KAMPALA, UGANDA: The Court of Appeal in Kampala has dismissed an application filed by the Legal Brains Trust seeking a temporary injunction to prevent the government from implementing vehicle tracking devices.
The government had signed an agreement with a Russian company to provide digital trackers for all vehicles in the country as a measure to combat crime involving motor vehicles and motorcycles.
Legal Brains Trust challenged this decision in the High Court, filing a case to nullify the decision and seeking a temporary injunction.
However, the High Court dismissed the application. Unsatisfied with the ruling, Legal Brains Trust appealed to the Court of Appeal.
The government, represented by the State Attorney, opposed the grant of the order, arguing that the implementation of the Intelligent Transport Monitoring System (ITMS) is not a violation of the right to privacy.
They stated that the system would only be used to trace vehicles and motorcycles involved in criminal offenses and not to monitor law-abiding citizens.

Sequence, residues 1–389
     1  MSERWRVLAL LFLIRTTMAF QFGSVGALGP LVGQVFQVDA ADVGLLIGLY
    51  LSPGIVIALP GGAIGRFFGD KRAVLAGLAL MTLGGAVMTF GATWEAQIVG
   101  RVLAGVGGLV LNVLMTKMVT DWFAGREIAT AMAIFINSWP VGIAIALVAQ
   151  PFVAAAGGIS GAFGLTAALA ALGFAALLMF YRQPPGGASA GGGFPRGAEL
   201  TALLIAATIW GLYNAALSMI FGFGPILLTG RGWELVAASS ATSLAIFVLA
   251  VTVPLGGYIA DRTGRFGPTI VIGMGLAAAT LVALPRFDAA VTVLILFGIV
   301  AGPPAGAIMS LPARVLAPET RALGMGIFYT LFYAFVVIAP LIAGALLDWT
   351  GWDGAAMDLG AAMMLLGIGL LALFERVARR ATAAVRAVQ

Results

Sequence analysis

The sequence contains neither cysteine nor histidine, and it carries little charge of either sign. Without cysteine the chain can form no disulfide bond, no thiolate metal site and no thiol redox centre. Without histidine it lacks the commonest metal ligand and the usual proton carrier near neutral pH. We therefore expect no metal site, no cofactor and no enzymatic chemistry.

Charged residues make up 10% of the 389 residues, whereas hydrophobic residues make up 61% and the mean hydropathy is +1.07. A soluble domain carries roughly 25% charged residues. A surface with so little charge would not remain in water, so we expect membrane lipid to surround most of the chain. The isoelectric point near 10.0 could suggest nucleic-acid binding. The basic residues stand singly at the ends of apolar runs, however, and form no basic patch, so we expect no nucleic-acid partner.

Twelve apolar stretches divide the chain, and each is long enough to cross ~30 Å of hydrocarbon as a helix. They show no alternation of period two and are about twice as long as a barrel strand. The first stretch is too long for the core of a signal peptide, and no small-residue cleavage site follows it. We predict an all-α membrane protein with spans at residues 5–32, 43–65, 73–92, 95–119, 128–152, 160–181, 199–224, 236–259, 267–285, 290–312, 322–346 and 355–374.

In his ruling, Justice Oscar Kihiika of the Court of Appeal agreed with the government’s arguments and dismissed the application.
He stated that the applicant failed to demonstrate the injury they would suffer if the ITMS were implemented and that any inconvenience could be compensated through monetary damages.
Justice Kihiika also noted that granting the temporary injunction would essentially determine the pending appeal, causing injustice to the respondent.
As a result, the government can proceed with the implementation of vehicle tracking devices, requiring vehicle owners to obtain new number plates embedded with digital tracking capabilities.
The expenses incurred by individuals for the new number plates can be reimbursed. The Court of Appeal’s decision maintains the current status quo and allows the appeal process to continue.